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Browse Prior Art Database

Menu Driver Invocation Minimization

IP.com Disclosure Number: IPCOM000036886D
Original Publication Date: 1989-Nov-01
Included in the Prior Art Database: 2005-Jan-29
Document File: 4 page(s) / 83K

Publishing Venue

IBM

Related People

Dykstal, DW: AUTHOR [+3]

Abstract

Described is a method that allows for a reduction of a program invocation stack when displaying menus implemented in a user interface manager menu driver function. By reducing the invocation stack, the menu driver is able to save a large amount of storage and increase system performance.

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Menu Driver Invocation Minimization

Described is a method that allows for a reduction of a program invocation stack when displaying menus implemented in a user interface manager menu driver function. By reducing the invocation stack, the menu driver is able to save a large amount of storage and increase system performance.

A user interface manager menu driver function allows a user to traverse through a menu hierarchy. Displaying a series of menus in a menu hierarchy presents a problem with the way an AS/400* System typically goes about getting a function executed. On the AS/400, as a user requests a system function, the program responsible for executing that function is placed on the user's program invocation stack. After being placed on the invocation stack, the program is executed. After the program finishes execution, it is then removed from the program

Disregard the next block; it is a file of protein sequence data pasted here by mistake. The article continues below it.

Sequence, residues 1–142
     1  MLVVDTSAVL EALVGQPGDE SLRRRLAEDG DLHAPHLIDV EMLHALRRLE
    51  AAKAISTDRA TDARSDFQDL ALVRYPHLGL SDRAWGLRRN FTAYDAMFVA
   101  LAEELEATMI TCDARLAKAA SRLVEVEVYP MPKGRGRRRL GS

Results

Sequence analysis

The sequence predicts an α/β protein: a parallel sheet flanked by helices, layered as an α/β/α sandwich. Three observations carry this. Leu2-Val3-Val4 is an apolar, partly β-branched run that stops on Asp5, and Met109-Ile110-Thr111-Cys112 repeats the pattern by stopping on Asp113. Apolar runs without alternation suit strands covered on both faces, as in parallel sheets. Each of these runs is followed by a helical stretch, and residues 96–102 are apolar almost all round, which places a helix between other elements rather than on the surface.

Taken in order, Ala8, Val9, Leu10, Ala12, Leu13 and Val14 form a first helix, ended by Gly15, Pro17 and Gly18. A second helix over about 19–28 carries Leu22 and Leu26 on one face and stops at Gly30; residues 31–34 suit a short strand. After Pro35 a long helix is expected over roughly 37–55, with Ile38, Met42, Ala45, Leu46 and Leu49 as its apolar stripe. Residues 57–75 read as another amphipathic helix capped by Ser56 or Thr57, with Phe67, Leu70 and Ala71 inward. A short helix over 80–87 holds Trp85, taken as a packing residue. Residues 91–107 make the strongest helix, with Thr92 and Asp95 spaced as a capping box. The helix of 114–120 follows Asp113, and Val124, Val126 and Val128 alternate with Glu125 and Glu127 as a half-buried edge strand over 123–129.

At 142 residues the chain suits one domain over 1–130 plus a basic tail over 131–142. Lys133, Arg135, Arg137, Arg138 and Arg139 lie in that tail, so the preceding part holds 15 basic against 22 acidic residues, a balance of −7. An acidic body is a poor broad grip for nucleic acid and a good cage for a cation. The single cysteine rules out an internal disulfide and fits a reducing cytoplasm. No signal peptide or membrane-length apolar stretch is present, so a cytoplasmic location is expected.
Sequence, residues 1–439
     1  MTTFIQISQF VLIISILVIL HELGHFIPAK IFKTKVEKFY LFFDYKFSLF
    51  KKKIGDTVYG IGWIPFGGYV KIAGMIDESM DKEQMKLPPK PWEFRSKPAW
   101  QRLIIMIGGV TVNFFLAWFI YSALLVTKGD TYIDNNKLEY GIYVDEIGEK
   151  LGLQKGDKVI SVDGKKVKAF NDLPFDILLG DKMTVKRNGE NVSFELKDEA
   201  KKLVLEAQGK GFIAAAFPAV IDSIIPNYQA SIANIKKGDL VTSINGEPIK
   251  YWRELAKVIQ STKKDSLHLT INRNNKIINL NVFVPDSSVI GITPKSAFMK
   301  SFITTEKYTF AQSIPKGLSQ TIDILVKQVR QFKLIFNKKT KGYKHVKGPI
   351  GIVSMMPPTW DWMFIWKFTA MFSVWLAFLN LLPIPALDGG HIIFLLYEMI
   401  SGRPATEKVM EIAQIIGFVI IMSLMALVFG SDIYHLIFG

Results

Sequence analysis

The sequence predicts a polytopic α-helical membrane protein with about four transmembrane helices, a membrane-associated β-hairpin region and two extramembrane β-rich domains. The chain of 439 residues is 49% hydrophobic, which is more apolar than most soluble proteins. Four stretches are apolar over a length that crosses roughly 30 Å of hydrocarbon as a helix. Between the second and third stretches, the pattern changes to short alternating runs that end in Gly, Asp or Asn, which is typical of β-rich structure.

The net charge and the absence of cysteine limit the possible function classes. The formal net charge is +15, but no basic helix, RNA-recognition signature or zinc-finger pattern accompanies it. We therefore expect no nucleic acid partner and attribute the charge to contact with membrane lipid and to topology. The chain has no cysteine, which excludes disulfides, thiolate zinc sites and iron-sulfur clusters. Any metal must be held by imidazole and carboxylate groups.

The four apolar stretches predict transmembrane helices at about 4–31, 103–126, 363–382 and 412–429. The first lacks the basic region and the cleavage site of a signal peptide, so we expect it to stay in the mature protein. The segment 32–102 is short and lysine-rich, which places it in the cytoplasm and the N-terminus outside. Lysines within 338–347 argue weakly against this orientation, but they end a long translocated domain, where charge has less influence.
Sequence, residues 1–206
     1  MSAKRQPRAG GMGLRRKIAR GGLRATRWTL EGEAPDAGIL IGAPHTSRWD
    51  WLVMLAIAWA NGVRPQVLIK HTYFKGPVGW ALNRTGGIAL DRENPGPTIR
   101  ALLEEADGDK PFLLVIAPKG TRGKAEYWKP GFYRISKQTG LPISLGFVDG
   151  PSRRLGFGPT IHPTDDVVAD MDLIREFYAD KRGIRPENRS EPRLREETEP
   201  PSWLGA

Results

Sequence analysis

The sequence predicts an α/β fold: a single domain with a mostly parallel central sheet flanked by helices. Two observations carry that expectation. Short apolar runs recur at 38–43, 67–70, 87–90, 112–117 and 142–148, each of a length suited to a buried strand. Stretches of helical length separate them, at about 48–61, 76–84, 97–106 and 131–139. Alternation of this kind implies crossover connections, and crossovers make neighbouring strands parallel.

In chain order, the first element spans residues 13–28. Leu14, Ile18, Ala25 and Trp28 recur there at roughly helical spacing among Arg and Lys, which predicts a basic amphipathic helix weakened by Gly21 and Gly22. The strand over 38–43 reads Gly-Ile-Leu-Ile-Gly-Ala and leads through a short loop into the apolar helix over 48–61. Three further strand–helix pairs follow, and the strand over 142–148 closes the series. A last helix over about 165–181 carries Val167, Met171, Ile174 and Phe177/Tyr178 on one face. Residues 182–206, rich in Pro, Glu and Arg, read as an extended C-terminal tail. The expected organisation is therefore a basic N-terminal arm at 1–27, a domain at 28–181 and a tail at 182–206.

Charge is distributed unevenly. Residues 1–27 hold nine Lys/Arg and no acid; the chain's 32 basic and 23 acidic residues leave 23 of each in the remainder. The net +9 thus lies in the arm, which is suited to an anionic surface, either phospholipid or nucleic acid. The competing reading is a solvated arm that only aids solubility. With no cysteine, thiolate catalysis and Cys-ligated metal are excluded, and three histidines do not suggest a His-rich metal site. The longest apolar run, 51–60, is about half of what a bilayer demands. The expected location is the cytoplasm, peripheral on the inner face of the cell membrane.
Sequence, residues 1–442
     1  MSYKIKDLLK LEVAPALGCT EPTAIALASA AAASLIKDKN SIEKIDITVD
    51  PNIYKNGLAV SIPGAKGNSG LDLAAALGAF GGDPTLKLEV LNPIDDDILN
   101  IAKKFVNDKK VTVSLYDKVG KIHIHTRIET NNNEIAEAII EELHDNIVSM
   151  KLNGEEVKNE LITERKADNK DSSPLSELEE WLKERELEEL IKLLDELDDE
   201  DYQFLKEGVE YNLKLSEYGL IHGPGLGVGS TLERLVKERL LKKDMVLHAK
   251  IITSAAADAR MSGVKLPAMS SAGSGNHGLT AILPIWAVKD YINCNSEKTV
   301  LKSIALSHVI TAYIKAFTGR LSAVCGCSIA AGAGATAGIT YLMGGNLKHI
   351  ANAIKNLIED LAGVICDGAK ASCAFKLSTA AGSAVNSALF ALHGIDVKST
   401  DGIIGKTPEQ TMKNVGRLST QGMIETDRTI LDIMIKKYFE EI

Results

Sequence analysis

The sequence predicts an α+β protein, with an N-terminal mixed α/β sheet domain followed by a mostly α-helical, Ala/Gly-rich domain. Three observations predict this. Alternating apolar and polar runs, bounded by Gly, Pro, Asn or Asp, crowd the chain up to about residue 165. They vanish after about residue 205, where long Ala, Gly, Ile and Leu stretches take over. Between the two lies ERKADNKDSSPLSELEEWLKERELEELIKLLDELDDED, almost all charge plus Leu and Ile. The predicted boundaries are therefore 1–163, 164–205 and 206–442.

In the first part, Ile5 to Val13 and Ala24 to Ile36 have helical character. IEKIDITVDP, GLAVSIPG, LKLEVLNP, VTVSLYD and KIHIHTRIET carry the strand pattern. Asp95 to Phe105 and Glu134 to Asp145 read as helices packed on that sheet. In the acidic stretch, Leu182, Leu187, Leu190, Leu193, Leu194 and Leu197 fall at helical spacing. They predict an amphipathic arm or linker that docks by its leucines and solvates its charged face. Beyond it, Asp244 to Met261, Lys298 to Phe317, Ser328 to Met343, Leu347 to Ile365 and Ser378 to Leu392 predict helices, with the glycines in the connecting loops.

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invocation stack. If, while the program was still in the invocation stack, the user requested the same function again, the program would simply be added to the invocation stack again, and the new invocation of the program would be executed. Since a user typically displays many more then one menu at a time, multiple copies of the 'menu driver' program would be placed on the invocation stack using this standard method of executing a program. The described method solves this problem.

On AS/400, a user requests the display of a menu by invoking a GO CPP command. The job of the command processing program is to display the menu for the user. Typically, it places the menu on the menu stack and then invokes the menu driver program to display the menu. In order to minimize the program invocation stack, instead of just simply re-invoking the menu driver program to display the menu, the command checks to see if a "reachable" menu driver is found in the program invocation stack. If so, then the command stacks the menu to display on the menu stack and returns to that reachable invocation of the menu driver program. If a reachable menu driver does not exist in the program invocation stack, then the command processing program invokes a new copy of the menu driver.

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If a reachable menu driver is found in the pr...